HK protests to continue, demand full democracy: activist
ROC Central News Agency
Taipei, Sept. 5 (CNA) Visiting Hong Kong student activist Joshua Wong (黃之鋒) said Thursday that the desire of Hong Kong people for a democratic election is unshaken even after the government withdrew the highly controversial extradition bill a day earlier.
In an interview with CNA, Wong, secretary-general of pro-democracy party Demosisto and a leading figure in the months-long anti-extradition law protests in the Chinese Special Administrative Region, said that the objective is clear, a full democratic election.
"Hong Kong's Legislative Council and chief executive should be elected by its people," Wong said when asked about his view on Hong Kong Chief Executive Carrie Lam's withdrawal of a proposed bill that would have allowed the extradition of criminal suspects to China for trial.
The Hong Kong government's move was aimed at making concessions in order to gain advantage, Wong noted, adding that even though the bill has been revoked, that does not mean a democratic election will take place.
Asked whether the withdrawal of the bill will change opinions around the world, Wong said he did not worry about that given that many U.S. lawmakers, including U.S. Speaker of the House Nancy Pelosi, are of the view that to allow Hong Kong to exercise a high degree of autonomy means a full democratic election.
Currently, Beijing decides whether to grant Hong Kong democracy and whether political reforms can be undertaken in the special administrative region, he said.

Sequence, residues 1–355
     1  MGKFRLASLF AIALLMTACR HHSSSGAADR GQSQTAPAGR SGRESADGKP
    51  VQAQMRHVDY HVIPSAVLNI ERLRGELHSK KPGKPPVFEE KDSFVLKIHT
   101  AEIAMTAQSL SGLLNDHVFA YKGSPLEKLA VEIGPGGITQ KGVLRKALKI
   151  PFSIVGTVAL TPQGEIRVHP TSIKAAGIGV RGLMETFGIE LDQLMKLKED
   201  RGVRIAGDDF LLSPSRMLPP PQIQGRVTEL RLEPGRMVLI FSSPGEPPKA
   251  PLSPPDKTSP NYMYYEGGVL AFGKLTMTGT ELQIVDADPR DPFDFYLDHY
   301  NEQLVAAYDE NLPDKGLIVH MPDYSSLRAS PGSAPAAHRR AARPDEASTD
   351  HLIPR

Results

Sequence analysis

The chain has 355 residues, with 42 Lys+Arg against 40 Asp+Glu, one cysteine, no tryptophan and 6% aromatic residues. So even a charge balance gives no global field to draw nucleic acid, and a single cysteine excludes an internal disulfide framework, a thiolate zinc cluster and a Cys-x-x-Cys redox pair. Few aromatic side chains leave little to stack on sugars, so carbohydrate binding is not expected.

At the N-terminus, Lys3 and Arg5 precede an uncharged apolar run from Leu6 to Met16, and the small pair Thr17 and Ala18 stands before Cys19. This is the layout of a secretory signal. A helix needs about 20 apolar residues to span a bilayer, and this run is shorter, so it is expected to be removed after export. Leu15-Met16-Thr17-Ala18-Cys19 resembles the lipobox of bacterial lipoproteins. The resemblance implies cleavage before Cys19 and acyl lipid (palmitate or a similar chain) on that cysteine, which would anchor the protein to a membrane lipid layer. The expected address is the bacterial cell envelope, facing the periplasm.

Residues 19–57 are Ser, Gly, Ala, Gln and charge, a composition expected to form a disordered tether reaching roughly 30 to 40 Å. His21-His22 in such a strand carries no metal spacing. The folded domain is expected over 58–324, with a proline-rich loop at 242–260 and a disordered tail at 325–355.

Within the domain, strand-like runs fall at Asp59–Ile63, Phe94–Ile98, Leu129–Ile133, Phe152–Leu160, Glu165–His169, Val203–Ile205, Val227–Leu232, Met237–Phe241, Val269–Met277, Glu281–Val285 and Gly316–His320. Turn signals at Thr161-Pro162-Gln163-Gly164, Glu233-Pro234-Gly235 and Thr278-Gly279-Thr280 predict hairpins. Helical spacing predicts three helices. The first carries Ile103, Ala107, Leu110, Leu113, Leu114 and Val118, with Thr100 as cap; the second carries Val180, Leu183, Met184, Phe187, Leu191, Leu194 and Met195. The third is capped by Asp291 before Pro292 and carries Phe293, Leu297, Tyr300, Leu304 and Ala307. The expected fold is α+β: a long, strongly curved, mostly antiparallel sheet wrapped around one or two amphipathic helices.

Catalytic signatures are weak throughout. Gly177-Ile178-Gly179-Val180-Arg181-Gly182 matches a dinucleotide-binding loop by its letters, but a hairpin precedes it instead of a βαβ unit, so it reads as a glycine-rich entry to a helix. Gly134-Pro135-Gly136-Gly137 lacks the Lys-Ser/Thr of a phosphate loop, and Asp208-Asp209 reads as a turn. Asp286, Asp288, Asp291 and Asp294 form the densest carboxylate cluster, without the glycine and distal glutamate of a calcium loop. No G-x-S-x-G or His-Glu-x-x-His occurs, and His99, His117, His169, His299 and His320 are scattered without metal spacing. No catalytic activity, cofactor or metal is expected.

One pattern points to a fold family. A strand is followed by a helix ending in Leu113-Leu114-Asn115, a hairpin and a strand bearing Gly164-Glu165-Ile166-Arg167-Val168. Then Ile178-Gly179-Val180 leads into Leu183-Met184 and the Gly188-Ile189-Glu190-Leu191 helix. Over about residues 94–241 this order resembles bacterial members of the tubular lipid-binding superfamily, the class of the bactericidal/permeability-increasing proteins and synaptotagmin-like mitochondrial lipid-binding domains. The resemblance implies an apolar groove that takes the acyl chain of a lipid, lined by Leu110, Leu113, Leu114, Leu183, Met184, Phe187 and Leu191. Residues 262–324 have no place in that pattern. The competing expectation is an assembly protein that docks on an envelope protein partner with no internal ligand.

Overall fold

Wong said the withdrawal of the bill is the first time Chinese President Xi Jinping (習近平) has compromised on Hong Kong, this means the protests really work.
With this experience, Hong Kong people will continue to fight for democracy, Wong said, "What we want is not compromise or yield, we want a democratic election."
He said he will continue to work to ensure Hong Kong's voice is heard around the world. Aside from Taiwan, he plans to visit Germany and the United States to draw international attention to the Hong Kong issue.
Wong, together with Hong Kong lawmaker Eddie Chu (朱凱迪) and Lester Shum (岑敖暉), former deputy secretary-general of the Hong Kong Federation of Students, said before concluding their three-day visit to Taiwan that he had achieved three goals during the trip.
First, letting Taiwan's people know that the protests will continue until the protesters' demand for democratic elections and a democratic system are met and soliciting support for Hong Kong from Taiwan's political parties across the political spectrum.
Second, canvassing support from Taiwan's Mainland Affairs Council to provide assistance to Hong Kong people in Taiwan, including on visa and education issues.
Third, calling on Taiwanese civic groups to support the ongoing Hong Kong pro-democracy protests, Wong said, adding that an event dubbed "safeguard democracy, support Hong Kong" will be held Sept. 28 or 29 to let Beijing know it cannot suppress Hong Kong and Taiwan.
(By Shen Peng-ta, Wen Kuei-hsiang and Evelyn Kao)
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